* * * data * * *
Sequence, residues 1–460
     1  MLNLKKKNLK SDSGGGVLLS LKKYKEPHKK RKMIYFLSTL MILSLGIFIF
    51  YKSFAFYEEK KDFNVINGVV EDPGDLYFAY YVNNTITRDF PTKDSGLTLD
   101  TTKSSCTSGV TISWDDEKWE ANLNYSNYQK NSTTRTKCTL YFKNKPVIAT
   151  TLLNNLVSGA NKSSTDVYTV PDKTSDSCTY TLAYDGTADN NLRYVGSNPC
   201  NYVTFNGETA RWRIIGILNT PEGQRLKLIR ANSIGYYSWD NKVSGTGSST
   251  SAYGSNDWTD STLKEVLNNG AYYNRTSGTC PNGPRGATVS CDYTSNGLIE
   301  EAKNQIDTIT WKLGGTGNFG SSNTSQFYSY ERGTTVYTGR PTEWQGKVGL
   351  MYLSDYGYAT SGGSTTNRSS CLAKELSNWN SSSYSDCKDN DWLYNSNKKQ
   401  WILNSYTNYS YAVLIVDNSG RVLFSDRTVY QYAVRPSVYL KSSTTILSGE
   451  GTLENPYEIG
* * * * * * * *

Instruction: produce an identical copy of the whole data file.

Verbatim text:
Sequence, residues 1–460
     1  MLNLKKKNLK SDSGGGVLLS LKKYKEPHKK RKMIYFLSTL MILSLGIFIF
    51  YKSFAFYEEK KDFNVINGVV EDPGDLYFAY YVNNTITRDF PTKDSGLTLD
   101  TTKSSCTSGV TISWDDEKWE ANLNYSNYQK NSTTRTKCTL YFKNKPVIAT
   151  TLLNNLVSGA NKSSTDVYTV PDKTSDSCTY TLAYDGTADN NLRYVGSNPC
   201  NYVTFNGETA RWRIIGILNT PEGQRLKLIR ANSIGYYSWD NKVSGTGSST
   251  SAYGSNDWTD STLKEVLNNG AYYNRTSGTC PNGPRGATVS CDYTSNGLIE
   301  EAKNQIDTIT WKLGGTGNFG SSNTSQFYSY ERGTTVYTGR PTEWQGKVGL
   351  MYLSDYGYAT SGGSTTNRSS CLAKELSNWN SSSYSDCKDN DWLYNSNKKQ
   401  WILNSYTNYS YAVLIVDNSG RVLFSDRTVY QYAVRPSVYL KSSTTILSGE
   451  GTLENPYEIG